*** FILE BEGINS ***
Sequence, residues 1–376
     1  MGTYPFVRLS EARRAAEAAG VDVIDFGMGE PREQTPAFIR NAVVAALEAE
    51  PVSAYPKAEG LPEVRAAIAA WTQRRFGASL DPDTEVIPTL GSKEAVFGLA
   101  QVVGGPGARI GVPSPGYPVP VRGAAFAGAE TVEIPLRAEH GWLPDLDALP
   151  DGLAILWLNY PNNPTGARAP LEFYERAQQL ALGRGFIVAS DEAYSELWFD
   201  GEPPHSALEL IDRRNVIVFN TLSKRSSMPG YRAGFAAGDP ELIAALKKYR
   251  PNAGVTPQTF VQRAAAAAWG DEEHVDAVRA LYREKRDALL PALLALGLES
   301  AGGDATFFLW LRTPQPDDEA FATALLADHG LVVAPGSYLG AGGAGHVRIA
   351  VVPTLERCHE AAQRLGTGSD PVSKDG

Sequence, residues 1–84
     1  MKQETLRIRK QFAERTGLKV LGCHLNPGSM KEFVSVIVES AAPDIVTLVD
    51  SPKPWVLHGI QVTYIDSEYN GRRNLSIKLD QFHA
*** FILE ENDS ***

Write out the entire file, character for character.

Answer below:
Sequence, residues 1–376
     1  MGTYPFVRLS EARRAAEAAG VDVIDFGMGE PREQTPAFIR NAVVAALEAE
    51  PVSAYPKAEG LPEVRAAIAA WTQRRFGASL DPDTEVIPTL GSKEAVFGLA
   101  QVVGGPGARI GVPSPGYPVP VRGAAFAGAE TVEIPLRAEH GWLPDLDALP
   151  DGLAILWLNY PNNPTGARAP LEFYERAQQL ALGRGFIVAS DEAYSELWFD
   201  GEPPHSALEL IDRRNVIVFN TLSKRSSMPG YRAGFAAGDP ELIAALKKYR
   251  PNAGVTPQTF VQRAAAAAWG DEEHVDAVRA LYREKRDALL PALLALGLES
   301  AGGDATFFLW LRTPQPDDEA FATALLADHG LVVAPGSYLG AGGAGHVRIA
   351  VVPTLERCHE AAQRLGTGSD PVSKDG

Sequence, residues 1–84
     1  MKQETLRIRK QFAERTGLKV LGCHLNPGSM KEFVSVIVES AAPDIVTLVD
    51  SPKPWVLHGI QVTYIDSEYN GRRNLSIKLD QFHA